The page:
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The Imperial City and the Solidifying of the Plantation System

The Imperial City and the Solidifying of the Plantation System

(p.181) Chapter Six The Imperial City and the Solidifying of the Plantation System
Urban Dreams, Rural Commonwealth
Paul Musselwhite
University of Chicago Press

This chapter analyzes the decisions made between 1691 and 1710 to relocate both colonies’ capitals to the new cities of Annapolis and Williamsburg, revealing that these moves restructured relations between the planters and the empire. Both capitals were established because of a brief confluence of three strands of opinion. First, the imperial vision of Francis Nicholson, who, as governor for both colonies, spearheaded the projects as part of a Lockean vision to connect small-scale farmers with the imperial state. Second, the ideas of a faction within the planter class who remained committed to the 1680s improvement agenda as a bulwark against imperial influence; these men eventually became disillusioned and advocated a new urban corporate plan. Third, the objectives of the wealthiest elite planters, who saw the capital cities as spaces to secure their status within the empire through consumption and display. The eventual triumph of this third faction meant that the new capitals served to consolidate planter-merchant networks and hardened the region’s commitment to slave-driven plantations. In the process this elite group, for the first time, rejected the century-long effort to use urban spaces to facilitate civic-minded regulation of the market, cementing the planter elite’s faith in rural civic virtue.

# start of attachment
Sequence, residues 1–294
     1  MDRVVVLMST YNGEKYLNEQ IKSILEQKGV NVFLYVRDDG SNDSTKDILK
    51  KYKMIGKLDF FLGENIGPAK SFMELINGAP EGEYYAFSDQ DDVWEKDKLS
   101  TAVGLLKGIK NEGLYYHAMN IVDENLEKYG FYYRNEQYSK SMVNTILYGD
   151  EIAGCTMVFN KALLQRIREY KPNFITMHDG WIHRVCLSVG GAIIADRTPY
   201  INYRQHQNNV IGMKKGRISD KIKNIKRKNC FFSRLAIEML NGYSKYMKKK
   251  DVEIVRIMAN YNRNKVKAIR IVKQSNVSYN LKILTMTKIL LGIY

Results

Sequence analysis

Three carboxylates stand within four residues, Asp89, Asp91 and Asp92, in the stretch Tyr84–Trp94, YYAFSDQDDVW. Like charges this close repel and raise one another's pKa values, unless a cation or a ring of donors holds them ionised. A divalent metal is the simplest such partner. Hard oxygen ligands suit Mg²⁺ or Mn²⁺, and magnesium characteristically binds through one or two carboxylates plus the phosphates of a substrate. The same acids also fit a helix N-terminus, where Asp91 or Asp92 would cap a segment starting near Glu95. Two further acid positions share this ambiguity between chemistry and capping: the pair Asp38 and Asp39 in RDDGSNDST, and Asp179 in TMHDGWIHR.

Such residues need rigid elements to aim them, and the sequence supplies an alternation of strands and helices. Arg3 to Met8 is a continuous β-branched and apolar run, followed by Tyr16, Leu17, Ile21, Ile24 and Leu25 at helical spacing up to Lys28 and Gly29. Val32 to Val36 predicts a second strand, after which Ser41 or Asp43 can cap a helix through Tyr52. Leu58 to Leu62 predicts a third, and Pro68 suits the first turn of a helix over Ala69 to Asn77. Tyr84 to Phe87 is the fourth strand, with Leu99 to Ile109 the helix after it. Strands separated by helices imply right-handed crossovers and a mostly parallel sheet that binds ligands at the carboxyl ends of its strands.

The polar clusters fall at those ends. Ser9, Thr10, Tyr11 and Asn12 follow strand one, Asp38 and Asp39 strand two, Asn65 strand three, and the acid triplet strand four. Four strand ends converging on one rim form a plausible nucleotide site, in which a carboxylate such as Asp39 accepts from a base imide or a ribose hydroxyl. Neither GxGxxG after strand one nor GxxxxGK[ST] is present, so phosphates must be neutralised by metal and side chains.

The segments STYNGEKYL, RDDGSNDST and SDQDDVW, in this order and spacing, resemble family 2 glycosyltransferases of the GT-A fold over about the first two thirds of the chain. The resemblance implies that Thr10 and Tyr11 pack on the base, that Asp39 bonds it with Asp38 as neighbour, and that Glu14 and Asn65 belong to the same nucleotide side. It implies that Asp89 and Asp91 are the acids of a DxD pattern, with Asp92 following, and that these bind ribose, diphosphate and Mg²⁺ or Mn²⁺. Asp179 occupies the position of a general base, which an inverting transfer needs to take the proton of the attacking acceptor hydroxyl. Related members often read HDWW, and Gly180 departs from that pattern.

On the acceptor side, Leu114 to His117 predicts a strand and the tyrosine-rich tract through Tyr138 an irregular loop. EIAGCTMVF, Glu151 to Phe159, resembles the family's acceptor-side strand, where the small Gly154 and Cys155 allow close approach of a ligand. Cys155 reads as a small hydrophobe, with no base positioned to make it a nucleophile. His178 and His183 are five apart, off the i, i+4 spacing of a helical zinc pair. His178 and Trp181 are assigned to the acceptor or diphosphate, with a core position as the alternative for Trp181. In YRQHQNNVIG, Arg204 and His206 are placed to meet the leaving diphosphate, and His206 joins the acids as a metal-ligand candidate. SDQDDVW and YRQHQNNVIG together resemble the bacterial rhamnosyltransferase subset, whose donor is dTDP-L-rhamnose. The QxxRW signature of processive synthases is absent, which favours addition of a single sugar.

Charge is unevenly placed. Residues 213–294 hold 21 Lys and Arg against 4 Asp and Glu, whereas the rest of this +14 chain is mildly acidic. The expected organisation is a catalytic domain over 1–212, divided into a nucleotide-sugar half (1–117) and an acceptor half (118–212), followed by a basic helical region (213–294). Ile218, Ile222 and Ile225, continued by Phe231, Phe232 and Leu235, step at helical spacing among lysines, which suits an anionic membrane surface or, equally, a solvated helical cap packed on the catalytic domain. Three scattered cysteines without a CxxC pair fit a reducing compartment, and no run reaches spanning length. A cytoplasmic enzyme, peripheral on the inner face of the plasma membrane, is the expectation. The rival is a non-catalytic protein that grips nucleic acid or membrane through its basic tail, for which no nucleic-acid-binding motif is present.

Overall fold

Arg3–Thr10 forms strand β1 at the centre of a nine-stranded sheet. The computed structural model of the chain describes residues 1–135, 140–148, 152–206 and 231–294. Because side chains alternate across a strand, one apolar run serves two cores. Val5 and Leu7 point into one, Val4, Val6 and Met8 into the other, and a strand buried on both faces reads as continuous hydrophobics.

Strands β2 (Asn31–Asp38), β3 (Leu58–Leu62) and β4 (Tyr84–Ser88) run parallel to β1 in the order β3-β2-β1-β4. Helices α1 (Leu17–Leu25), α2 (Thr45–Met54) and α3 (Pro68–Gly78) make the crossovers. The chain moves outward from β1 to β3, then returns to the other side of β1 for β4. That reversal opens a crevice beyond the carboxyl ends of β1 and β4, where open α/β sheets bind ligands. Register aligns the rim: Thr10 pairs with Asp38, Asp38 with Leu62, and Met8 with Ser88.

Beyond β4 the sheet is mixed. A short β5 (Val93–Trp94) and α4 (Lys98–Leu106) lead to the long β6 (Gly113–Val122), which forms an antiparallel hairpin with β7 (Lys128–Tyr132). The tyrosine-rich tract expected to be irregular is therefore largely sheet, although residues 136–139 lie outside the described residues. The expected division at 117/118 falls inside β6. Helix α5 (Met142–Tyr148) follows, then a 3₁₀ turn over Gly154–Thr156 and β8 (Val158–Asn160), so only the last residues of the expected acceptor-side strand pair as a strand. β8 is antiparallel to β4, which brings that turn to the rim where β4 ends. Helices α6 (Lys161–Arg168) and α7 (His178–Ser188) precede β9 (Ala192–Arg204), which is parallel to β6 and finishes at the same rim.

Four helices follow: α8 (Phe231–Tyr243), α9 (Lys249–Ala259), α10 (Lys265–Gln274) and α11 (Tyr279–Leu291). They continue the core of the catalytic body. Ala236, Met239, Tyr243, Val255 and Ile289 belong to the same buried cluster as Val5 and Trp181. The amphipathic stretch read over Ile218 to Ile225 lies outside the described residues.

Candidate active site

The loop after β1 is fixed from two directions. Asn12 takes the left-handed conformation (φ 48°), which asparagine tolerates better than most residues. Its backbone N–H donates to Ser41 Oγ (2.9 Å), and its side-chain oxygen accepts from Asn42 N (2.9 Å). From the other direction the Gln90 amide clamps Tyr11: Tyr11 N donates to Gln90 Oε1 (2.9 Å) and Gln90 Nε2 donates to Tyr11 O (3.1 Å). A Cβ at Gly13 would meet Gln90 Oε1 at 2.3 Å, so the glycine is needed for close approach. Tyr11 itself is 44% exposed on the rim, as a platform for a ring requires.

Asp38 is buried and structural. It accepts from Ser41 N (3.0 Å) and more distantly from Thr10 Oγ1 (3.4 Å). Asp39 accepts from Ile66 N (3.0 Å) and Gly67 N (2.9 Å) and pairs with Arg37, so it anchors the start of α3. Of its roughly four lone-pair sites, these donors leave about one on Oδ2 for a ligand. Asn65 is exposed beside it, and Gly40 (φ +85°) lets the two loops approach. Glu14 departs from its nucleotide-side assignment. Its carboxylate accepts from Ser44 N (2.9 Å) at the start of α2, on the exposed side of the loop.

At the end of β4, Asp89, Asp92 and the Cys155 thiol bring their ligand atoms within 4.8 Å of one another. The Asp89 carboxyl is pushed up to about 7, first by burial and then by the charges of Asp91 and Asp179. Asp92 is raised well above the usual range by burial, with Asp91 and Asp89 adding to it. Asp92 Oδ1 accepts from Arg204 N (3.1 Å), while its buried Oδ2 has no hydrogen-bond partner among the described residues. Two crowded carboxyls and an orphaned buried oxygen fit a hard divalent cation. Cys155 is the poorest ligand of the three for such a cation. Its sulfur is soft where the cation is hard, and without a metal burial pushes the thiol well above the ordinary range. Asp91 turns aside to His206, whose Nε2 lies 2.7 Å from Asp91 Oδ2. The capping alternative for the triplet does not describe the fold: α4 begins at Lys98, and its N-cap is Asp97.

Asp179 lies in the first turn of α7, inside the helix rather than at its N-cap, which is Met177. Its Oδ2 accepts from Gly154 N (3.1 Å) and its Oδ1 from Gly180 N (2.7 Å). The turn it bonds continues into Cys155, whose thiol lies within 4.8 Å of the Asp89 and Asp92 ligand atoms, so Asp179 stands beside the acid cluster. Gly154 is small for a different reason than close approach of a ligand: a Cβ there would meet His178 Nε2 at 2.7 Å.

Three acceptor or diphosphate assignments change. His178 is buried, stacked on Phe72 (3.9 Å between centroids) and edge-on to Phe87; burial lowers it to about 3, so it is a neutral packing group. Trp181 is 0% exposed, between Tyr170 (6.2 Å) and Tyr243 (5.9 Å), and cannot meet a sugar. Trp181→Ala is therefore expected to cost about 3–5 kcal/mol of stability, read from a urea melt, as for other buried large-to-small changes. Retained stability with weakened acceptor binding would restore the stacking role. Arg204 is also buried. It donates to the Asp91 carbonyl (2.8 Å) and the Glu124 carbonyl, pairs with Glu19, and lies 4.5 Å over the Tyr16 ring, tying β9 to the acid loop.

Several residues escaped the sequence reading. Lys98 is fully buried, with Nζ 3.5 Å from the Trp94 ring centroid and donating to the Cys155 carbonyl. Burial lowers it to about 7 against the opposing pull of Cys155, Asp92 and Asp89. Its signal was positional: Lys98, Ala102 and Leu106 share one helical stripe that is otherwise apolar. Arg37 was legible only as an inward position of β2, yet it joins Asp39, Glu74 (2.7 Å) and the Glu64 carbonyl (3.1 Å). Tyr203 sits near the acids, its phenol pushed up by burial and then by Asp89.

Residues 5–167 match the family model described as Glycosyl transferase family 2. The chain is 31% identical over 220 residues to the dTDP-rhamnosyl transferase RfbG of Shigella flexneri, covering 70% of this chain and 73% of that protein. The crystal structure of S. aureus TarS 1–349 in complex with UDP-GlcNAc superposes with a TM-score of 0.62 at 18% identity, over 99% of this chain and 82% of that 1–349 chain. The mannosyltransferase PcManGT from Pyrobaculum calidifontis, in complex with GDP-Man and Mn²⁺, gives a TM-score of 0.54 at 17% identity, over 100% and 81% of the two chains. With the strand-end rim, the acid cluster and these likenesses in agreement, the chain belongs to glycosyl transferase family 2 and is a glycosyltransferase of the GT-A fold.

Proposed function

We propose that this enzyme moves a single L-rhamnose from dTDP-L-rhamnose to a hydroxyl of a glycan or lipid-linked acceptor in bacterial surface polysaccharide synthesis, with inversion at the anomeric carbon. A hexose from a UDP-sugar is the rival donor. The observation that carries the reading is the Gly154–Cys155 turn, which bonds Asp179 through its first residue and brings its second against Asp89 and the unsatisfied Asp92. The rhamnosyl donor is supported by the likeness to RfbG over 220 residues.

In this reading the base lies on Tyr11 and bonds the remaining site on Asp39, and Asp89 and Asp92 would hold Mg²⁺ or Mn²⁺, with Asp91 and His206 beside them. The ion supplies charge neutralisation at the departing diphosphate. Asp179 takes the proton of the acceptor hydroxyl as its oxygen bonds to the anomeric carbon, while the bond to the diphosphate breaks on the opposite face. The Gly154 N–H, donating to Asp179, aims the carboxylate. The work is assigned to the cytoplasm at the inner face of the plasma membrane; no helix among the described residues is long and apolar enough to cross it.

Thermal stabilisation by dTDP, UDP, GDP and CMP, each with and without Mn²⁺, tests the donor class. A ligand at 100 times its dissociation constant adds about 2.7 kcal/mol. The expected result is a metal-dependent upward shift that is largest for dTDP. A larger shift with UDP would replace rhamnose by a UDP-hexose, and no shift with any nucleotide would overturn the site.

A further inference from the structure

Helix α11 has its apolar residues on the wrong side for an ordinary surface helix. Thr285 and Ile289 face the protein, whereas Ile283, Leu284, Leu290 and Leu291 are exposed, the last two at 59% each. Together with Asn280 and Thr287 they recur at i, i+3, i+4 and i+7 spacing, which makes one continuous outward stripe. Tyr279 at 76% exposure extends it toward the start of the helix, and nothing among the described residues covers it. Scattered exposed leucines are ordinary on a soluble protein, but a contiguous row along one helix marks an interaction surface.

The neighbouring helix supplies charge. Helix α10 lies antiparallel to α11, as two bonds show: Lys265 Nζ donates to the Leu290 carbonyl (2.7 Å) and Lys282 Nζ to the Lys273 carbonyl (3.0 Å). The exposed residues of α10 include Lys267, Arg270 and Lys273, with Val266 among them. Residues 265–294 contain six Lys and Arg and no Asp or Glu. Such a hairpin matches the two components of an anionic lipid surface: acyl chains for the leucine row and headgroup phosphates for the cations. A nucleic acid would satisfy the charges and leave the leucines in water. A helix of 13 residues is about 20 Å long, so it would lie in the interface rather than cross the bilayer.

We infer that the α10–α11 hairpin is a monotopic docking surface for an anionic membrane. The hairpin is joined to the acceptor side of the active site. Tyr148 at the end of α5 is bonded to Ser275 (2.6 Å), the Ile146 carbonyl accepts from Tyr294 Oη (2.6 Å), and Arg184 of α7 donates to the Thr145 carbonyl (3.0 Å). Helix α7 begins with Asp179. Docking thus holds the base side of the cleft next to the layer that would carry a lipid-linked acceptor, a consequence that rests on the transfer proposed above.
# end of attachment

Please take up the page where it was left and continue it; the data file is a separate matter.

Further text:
Keywords:   Williamsburg, Annapolis, Francis Nicholson, urban corporations, refinement, urban renaissance, merchant networks, Lockean landownership, planter gentry

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